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Report finds Chinese steel heavily subsidized

Chinese workers weld steel at the Behlen Manufacturing plant on the outskirts of Beijing. A new report finds that Chinese steelmakers receive huge government subsidies.

China makes half the world’s steel with the help of heavy government subsidies and other unfair advantages, a new report found.

Five trade associations, including the American Iron and Steel Institute and the Steel Manufacturers Association, studied the various types of subsidies the 25 largest steelmakers in China get since they provide good-paying jobs. Ansteel Group for instance received $385 million yuan ($57.8 million) in subsidies, including cash grants and capital infusions.

Shougang Group got more than $1.5 billion yuan ($225.4 million) in subsidies such as tax benefits and preferential loans, at a time when Chinese capacity utilitization was as low as 65.8 percent, the report found.

The Chinese government has supported the country’s steel industry primarily through cash grants, equity infusions, government-mandated mergers and acquisitions, preferential loans and directed credit, land use subsidies, subsidies for utilities, raw material price controls, tax policies and benefits, currency policies, and lax enforcement of environmental regulation, according to the report.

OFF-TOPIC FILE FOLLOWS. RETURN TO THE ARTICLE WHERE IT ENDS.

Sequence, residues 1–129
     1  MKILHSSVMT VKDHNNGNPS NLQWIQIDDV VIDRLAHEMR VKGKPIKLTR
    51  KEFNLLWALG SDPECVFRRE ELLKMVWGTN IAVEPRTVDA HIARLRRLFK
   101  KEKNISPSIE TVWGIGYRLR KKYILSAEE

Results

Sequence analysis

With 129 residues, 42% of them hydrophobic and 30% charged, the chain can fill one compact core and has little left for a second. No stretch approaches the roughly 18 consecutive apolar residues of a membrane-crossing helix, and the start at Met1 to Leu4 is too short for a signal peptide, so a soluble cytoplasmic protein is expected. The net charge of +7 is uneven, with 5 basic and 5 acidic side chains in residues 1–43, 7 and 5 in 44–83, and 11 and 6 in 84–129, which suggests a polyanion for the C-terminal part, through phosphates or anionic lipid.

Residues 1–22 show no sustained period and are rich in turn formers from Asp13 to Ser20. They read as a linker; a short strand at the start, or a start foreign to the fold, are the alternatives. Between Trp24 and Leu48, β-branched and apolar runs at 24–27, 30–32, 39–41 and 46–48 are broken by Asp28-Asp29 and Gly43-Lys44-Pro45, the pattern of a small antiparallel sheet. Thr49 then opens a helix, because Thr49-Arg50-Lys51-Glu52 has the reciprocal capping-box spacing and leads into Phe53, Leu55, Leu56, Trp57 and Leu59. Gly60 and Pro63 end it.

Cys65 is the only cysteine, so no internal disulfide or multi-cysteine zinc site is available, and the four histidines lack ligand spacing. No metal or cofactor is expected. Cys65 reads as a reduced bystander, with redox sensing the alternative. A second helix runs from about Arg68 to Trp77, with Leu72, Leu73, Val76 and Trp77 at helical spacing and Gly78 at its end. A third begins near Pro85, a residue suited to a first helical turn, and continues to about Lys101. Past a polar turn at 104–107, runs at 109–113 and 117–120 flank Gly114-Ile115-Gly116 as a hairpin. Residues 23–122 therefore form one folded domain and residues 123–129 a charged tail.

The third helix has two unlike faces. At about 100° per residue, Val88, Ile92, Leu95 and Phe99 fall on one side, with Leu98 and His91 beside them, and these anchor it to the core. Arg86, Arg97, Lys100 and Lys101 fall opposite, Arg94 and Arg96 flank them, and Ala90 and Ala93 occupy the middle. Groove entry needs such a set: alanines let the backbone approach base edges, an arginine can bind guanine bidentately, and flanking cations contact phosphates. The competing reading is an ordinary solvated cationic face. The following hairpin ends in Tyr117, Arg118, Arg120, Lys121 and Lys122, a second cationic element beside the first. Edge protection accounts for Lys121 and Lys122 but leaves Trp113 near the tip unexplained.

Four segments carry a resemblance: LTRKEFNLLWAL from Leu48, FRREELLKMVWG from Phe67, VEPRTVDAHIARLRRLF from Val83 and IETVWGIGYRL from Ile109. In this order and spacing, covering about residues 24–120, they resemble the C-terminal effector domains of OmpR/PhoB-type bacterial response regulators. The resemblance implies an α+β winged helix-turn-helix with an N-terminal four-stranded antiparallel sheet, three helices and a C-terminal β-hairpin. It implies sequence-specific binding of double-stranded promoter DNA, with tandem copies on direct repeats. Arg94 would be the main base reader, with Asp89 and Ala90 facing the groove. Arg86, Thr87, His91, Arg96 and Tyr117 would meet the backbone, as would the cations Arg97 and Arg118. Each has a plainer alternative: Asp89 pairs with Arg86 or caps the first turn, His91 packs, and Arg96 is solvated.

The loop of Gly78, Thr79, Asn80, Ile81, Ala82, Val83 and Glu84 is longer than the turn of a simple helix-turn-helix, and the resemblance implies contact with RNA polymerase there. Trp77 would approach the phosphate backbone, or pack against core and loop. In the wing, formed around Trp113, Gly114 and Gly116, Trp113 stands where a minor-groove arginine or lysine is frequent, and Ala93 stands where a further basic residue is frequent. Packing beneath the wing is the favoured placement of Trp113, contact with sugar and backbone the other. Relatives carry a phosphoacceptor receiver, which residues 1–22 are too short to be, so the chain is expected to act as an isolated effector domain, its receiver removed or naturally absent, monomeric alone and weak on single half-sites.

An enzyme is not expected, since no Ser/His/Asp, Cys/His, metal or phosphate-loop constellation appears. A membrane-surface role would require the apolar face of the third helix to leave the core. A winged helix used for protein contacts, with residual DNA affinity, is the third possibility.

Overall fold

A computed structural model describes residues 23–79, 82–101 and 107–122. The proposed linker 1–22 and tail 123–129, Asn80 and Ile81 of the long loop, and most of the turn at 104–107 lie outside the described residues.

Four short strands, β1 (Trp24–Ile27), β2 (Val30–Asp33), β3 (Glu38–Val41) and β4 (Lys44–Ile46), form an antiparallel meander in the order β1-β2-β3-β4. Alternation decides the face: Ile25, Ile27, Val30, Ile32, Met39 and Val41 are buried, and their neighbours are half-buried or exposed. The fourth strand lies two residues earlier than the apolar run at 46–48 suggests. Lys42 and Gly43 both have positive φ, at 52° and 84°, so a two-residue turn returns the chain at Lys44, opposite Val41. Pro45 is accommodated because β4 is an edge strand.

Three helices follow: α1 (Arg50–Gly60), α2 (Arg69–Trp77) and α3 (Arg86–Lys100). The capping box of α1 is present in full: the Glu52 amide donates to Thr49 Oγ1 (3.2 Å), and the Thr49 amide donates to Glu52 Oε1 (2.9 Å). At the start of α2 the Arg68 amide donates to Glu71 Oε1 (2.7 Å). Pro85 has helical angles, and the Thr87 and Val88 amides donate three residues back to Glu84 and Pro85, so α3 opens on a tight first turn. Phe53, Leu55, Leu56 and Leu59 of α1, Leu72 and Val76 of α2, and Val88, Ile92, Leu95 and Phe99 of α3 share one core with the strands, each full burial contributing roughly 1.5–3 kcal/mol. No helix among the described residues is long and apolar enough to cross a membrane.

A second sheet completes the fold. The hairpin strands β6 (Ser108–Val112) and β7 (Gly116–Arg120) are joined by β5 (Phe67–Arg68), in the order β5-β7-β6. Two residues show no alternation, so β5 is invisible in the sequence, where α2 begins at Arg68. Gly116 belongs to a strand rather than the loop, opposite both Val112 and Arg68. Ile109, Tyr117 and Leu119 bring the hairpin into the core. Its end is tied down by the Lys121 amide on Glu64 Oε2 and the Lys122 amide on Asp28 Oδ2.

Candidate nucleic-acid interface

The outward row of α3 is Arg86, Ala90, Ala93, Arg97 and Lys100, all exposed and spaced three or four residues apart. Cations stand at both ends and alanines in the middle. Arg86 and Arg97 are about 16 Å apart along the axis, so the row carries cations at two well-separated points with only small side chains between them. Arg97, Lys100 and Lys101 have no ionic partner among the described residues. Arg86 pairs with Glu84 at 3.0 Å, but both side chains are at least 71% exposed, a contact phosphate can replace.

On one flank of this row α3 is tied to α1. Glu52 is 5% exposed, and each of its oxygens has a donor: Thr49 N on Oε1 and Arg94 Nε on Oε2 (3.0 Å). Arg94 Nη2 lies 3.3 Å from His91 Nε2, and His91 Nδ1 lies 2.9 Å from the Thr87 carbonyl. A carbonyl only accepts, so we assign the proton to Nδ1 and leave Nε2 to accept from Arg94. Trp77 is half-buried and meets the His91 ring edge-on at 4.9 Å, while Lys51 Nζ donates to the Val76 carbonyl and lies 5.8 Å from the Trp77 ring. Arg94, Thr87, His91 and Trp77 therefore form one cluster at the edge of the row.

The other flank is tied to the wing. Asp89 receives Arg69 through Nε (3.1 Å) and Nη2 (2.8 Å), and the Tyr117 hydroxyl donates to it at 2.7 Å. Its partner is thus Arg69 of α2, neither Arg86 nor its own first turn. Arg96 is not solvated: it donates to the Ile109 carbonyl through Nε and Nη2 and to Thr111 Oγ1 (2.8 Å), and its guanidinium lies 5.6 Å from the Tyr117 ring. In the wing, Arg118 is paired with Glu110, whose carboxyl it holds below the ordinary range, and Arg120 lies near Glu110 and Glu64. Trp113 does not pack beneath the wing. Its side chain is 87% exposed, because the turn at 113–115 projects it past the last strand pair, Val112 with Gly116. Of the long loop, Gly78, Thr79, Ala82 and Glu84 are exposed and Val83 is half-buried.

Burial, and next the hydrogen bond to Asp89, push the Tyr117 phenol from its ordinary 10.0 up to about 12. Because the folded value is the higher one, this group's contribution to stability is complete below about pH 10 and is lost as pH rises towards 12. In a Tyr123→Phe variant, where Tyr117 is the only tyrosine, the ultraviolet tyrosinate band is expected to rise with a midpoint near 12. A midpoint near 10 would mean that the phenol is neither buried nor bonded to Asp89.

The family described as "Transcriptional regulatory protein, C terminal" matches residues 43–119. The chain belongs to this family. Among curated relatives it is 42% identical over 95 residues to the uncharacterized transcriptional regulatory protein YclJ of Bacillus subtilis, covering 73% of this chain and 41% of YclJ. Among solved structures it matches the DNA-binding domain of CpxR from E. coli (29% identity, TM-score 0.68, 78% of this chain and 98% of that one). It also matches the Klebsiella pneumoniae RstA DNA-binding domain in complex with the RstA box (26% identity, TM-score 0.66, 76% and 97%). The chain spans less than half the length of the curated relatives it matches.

“The Chinese government maintains a majority share in the top-producing Chinese steel producers. Domestic steel producers are not competing with private enterprises but with sovereign governments that do not need to use free-market principles to operate,” the report stated.

Steelmakers such as U.S. Steel have decried such subsidies, which they don’t get, as distorting the market and fueling global overcapacity, which drives down prices.

The United Steelworkers union blames imports for more than 19,000 layoffs of steelworkers and iron ore miners over the last few years.

The trade organizations behind the report are hoping to keep China from being granted market economy status in the World Trade Organization in December, which potentially would remove dozens of tariffs the United States already has imposed on Chinese steel.

The report found in 2014 China made 822 million tons of steel, or about half of the steel made in the world. The Chinese economy and demand for steel there has slowed, so Chinese steelmakers have been dumping excess steel abroad, creating a global import crisis that’s resulted in layoffs and mill closures.

“It is unreasonable to believe that U.S. steel pipe and tube producers can compete in the global trade arena when a foreign government is subsidizing its steel industry,” said Roger Schagrin, Executive Director of the Committee on Pipe and Tube Imports. “It is time that our U.S. government and our global allies work together on a definitive policy that will end this chronic overcapacity which has resulted in plant closures, worker reductions and injury to communities across the United States.”

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Business reporter

Joseph S. Pete is a Lisagor Award-winning business reporter who covers steel, industry, unions, the ports, retail, banking and more. The Indiana University grad has been with The Times since 2013 and blogs about craft beer, culture and the military.